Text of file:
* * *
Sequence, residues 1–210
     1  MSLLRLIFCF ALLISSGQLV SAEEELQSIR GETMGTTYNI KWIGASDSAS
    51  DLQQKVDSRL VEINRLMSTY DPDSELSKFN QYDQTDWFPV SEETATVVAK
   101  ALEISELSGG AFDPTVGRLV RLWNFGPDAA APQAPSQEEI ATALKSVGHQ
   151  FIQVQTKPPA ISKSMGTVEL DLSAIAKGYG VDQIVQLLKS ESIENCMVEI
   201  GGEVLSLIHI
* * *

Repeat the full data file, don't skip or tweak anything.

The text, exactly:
Sequence, residues 1–210
     1  MSLLRLIFCF ALLISSGQLV SAEEELQSIR GETMGTTYNI KWIGASDSAS
    51  DLQQKVDSRL VEINRLMSTY DPDSELSKFN QYDQTDWFPV SEETATVVAK
   101  ALEISELSGG AFDPTVGRLV RLWNFGPDAA APQAPSQEEI ATALKSVGHQ
   151  FIQVQTKPPA ISKSMGTVEL DLSAIAKGYG VDQIVQLLKS ESIENCMVEI
   201  GGEVLSLIHI